The other gives us our only possibility of looking at ourselves. The other is the essential mirror of our human condition. We human beings define ourselves on the basis of our community and on the basis of our bonds. We are the vulnerable animal, the animal that has lost its claws and fangs, the animal that can no longer run, the naked animal, born fragile — devastatingly fragile. A baby cannot even feed itself, much less defend itself. Our only strength and our only possibility of survival is through the community that surrounds us.

Throughout life we find ourselves with others, we look at ourselves in the mirror of other people’s experience, we are enriched through conversation, we are strengthened through love, and we are broken when love is broken in death or falling out of love. You and I, I and you — two human beings that speak to one another, that meet. There is always an “I” and a “you,” a two that look at each other in a moment of recognition.

I believe that we human beings are the sum of our encounters. We do not know what those encounters mean — some are pleasurable, others painful; some are doors into alternate universes; some are fleeting, others are long, and involve our entire lives. All lead us to a new place.

The most extraordinary miracle of life is the constant possibility of being, of living, with other human beings, the possibility of dialogue, of conversation. Every encounter is unique, unrepeatable, and every human being that we meet touches us in some way, affects us, changes us.

These photos are a testimony of my encounters — some more successful than others. I hope that these images may conjure up the rich universe of those who were photographed, may be windows through which you enter other worlds. I hope they allow us all to remember that one sees clearly only with curiosity, with empathy, with affection. As for me, in this job of looking I am just a beginner. I am a man naked and without claws or fangs, pleasurably vulnerable, who is learning to celebrate the fleeting miracle of being alive.

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25 (Book)

Corral Vega, Pablo. 25. Quito: Latina Editorial, 2007

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Andes (Book)

Vargas Llosa, Mario and Pablo Corral Vega. Andes. Washington DC: National Geographic Society, 2001

Visit the Andes’ Book page in this website

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Tango (National Geographic)

National Geographic Magazine, Diciembre de 2003

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Andes (National Geographic)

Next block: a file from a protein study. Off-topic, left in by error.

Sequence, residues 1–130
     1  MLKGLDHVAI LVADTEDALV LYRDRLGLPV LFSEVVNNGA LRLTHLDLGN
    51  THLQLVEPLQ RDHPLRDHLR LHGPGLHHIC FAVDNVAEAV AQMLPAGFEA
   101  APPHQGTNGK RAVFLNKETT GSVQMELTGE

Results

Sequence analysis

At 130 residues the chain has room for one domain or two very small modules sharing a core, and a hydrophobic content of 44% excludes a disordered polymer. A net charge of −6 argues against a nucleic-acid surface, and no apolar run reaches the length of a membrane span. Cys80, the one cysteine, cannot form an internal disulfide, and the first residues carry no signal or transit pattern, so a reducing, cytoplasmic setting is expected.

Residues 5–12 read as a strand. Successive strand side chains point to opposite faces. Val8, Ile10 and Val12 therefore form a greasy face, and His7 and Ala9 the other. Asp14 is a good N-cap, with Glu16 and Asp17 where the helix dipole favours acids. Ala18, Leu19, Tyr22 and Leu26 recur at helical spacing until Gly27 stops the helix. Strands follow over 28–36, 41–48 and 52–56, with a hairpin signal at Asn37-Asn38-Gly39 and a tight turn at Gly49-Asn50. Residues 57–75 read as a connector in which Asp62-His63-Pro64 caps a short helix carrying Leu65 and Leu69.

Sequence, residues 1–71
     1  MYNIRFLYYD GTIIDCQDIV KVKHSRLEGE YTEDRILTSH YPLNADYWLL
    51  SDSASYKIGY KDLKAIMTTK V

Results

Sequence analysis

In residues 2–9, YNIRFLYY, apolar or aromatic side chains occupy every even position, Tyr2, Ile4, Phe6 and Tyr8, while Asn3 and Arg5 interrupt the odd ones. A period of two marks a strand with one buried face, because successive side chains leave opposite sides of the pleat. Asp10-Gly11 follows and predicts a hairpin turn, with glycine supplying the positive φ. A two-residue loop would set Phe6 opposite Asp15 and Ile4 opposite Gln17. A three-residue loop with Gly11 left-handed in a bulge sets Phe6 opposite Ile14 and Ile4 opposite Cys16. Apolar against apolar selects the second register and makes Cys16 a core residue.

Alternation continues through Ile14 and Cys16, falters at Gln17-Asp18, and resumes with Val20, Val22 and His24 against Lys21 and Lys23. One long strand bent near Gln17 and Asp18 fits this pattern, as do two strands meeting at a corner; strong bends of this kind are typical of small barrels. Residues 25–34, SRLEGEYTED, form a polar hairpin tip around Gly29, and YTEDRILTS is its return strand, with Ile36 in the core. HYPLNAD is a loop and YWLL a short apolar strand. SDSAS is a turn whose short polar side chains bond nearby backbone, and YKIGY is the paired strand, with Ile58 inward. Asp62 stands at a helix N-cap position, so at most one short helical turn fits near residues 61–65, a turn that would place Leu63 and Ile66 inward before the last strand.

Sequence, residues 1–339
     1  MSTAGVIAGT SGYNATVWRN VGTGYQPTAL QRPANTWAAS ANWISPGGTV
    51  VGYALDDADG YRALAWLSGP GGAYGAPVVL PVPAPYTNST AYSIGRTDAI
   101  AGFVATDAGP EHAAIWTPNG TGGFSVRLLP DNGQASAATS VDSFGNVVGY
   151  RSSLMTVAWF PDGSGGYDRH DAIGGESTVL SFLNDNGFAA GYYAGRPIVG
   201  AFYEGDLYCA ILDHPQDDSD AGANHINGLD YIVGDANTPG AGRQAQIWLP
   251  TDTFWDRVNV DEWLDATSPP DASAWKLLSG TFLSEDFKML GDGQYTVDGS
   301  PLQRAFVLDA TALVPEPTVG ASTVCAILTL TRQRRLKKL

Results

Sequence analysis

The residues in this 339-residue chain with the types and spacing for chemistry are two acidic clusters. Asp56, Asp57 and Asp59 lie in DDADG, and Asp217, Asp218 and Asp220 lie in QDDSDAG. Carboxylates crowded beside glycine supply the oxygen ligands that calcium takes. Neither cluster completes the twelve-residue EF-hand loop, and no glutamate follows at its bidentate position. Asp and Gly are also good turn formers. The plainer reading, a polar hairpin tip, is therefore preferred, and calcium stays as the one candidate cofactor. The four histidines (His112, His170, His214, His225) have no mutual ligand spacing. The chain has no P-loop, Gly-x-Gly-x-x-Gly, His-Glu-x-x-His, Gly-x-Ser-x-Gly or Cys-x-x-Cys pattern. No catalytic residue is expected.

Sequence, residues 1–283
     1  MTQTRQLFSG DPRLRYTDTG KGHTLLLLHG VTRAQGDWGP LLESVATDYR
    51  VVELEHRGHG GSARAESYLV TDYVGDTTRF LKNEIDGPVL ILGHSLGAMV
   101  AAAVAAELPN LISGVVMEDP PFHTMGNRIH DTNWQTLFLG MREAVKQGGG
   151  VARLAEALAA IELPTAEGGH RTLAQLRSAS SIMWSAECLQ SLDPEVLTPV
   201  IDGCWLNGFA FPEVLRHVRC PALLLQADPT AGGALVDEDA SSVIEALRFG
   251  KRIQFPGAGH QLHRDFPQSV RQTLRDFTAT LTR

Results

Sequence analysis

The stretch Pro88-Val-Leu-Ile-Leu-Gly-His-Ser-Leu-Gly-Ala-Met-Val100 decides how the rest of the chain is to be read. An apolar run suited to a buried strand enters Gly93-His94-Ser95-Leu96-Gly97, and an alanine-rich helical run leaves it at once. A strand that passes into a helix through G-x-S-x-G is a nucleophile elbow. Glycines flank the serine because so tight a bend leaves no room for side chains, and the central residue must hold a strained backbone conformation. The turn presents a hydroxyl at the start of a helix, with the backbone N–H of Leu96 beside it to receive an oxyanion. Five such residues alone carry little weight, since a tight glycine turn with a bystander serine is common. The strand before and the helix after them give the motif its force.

National Geographic Magazine, February 2001

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Silent Landscapes (Book)

Corral Vega, Pablo. Paisajes del Silencio. Quito-Bogotá: Villegas Editores & Imprenta Mariscal, 1992

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Ecuador (Book)

Corral Vega, Pablo. Ecuador. Quito: Harmonia Terra, 2002

A few sample pages from “Ecuador”


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Ecuador, de la magia al espanto (Book)

Corral Vega, Pablo and Cristóbal Corral Vega. Ecuador, de la magia al espanto. Quito: La TV & Imprenta Mariscal, 1993

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The Bare Earth (Book)

Corral Vega, Pablo. Tierra Desnuda. Quito: Universidad San Francisco de Quito, 1989

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Epilogue by Pablo Corral Vega

Balcony of the Clouds

Sometimes when I need to go back to the house of my beginnings, the house that is center and point of reference, the place where identity is formed, I travel to a place in the mountains that is far above the clouds.  There I forget for a moment the daily struggle, the fear of death that is, in truth, fear of life.  From those heights I see the imposing ridges of the Cordillera descending into a torrid, mysterious zone.  Below the clouds are the coffee and banana plantations, the bamboo huts built on platforms to keep out unpredictable rushing mountain streams.  But there is no keeping out the insistent heat of the tropics, the incessant chirping of crickets in the womb of the night.  There are torrential rivers and menacing jungles, but there are also dots of villages, houses lost in the immensity of nothingness.  The plazas resound with the powerful music of a magus whose gift is to send two strangers dancing into each other’s arms.

An intense and unrelenting cold blows across my balcony of the clouds.  From there I can see the torrid plains of the coast, and, when the wind helps, catch a hint of their fragrance.